WHAT TO DO ABOUT THE PROBLEM OF MEXICO BARIATRIC SURGERY?
I practice in Reno, Nevada, which is not particularly close in distance to Mexico, and yet with increasing frequency, I find myself caring for people who have suffered devastating complications after undergoing bariatric surgery in Mexico. The phenomenon poses many challenging questions for all of us and it is difficult to know exactly how to solve the problems posed by this practice.
It’s no secret that healthcare in the United States is expensive. It’s also no secret that weight loss surgery is among the most beneficial health interventions available in the world today as measured by any outcomes measure. And yet, while insurance plans pay for things like Viagra and futile advanced radiation and chemotherapy treatments, often they do not pay for weight loss surgery. An increasing number of people seek the effective solution for improved health and longevity that weight loss surgery represents and they shop for the best locations, surgeons and prices. And on price, it is difficult to compete with Mexico.
Mexican surgeons and centers are unabashed in promoting their services and their cut-rate prices. It is impossible to do an internet search for weight loss surgery information without being bombarded with numerous advertisements and promotions of discount weight loss surgical procedures performed in Mexico. So it’s quite understandable why a person would travel to Mexico to undergo a badly needed procedure and also save thousands of dollars. Even the media in the United States have encouraged this phenomenon. I previously commented on a National Public Radio story by the usually more thoughtful Jason Bovian who described the development of surgical centers and technology and availability in Mexico, and he didn’t make the slightest mention of the tremendous problems associated with this phenomenon for US citizens.
I am currently taking care of a critically ill man who may not survive his weight loss surgery that was performed in Mexico weeks ago. After returning to his community and mine, the problems with the surgery became evident. He became toxic with severe sepsis and has clung to life with the aid of life support, multiple corrective operations and all of the modern, sophisticated ICU care that can be provided. It is unlikely his American, employer based insurance plan will pay for any of the bills, making this multi-million dollar hospital stay and indigent case and huge loss for our community hospital.
While the finances are a serious matter to community hospitals that are struggling to stay in the black, the problem is even more devastating for my patient and his family. While there are no good studies on the subject, it is without a doubt that the firm impression of nearly every bariatric surgeon in the United States that the rate of serious complications is markedly higher among people who travel to Mexico.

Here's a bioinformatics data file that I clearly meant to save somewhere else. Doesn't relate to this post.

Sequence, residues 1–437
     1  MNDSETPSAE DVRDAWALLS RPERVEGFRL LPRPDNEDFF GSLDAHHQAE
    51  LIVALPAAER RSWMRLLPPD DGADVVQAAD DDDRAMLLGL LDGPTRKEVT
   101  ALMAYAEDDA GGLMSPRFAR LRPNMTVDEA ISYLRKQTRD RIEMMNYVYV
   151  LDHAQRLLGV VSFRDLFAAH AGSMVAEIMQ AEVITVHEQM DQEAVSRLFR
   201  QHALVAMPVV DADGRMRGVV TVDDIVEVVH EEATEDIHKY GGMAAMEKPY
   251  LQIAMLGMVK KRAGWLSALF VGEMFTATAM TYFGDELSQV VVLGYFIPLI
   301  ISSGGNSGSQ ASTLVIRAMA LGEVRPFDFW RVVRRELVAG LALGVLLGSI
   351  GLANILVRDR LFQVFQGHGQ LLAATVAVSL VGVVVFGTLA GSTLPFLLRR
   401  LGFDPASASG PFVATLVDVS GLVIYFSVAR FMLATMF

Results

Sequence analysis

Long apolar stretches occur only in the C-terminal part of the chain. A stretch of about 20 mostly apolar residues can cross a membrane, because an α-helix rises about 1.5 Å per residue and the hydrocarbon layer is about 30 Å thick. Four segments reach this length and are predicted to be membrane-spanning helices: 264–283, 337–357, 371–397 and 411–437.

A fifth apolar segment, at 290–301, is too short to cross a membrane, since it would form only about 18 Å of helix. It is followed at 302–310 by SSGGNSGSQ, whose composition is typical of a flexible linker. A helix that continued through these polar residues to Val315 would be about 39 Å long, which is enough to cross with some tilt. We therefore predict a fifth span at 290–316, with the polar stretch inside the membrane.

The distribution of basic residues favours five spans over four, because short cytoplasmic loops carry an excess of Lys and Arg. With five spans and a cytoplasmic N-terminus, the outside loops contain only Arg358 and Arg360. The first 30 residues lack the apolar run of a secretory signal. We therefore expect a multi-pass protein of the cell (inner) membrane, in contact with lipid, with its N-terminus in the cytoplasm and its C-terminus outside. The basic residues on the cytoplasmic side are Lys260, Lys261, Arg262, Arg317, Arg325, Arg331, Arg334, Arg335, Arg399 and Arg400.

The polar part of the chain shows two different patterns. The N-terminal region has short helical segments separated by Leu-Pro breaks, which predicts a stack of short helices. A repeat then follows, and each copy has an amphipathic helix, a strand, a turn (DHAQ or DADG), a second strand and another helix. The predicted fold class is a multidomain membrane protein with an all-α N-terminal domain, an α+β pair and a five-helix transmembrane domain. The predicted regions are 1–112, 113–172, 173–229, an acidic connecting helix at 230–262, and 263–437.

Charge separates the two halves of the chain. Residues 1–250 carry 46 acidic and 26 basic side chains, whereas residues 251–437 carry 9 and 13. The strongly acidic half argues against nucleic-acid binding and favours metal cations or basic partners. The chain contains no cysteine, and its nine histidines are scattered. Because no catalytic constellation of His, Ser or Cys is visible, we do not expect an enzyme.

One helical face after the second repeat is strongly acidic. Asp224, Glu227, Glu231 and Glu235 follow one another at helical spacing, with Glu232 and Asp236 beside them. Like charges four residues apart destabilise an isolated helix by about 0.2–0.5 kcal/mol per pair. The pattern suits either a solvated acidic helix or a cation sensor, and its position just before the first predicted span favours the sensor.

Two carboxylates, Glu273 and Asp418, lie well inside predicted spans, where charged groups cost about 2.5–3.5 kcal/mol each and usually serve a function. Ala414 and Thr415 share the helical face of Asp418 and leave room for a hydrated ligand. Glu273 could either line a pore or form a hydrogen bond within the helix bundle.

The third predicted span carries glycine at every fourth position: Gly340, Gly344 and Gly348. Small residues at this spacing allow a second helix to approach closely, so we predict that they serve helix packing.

A more insidious problem is the poor weight loss results achieved by individuals who travel to Mexico for their surgery. If we’ve learned anything over the last decade, we have learned that weight loss surgery provides fantastic results when it is more properly a “weight loss surgery program”. The surgery in itself is not a magic wand, but it creates the conditions for change and for success. After that, it takes education, support, follow-up, accountability, expert advice, laboratory testing and in short, a “program” to ensure success. No such program exists for people who travel outside the country to undergo their procedure hence weight loss results suffer greatly.
Among the many concerns I have for members of my community is that they are not adequately informed about these risks when they travel to Mexico for weight loss surgery. The expose themselves to financial ruin and personal bankruptcy as has occurred among patients I have personally cared for. They expose themselves to poorer weight loss results due to lack of an effective follow-up program with their surgeon and they expose themselves to surgical risks and complications that certainly appear to be much higher than what they would experience undergoing surgery at a US based center of excellence with all of its emphasis on continuous quality improvement and rigorous reporting of results.
A complex problem, doubtless, but one that deserves more consideration by all of us. Greater responsibility by employers and insurance carriers to cover weight loss surgery as a proven health benefit, greater responsibility among Mexican bariatric surgeons to provide informed consent and a mechanism for follow-up. Greater responsibility on the part of the media to discuss these potentially devastating problems arising from traveling to Mexico for surgery. Greater responsibility among providers, hospitals and surgery centers in the United States to cut costs and reduce profits in order to make the procedure more affordable and reduce the incentive for unwitting patients to travel to Mexico. And greater responsibility among manufactures of bariatric surgical devices, namely the REALIZE Band manufacturers to stop providing the critical piece of equipment, the adjustable gastric band, to the centers south of the border at cut-rate prices, further adding to the incentives for Americans to travel south of the border (Allergan, the maker of the Lap-Band, does not offer the most recent version of the Lap-Band in Mexico, but does offer older generations, which American consumers are not as interested in). All of these are controversial areas deserving of more attention. What do you think?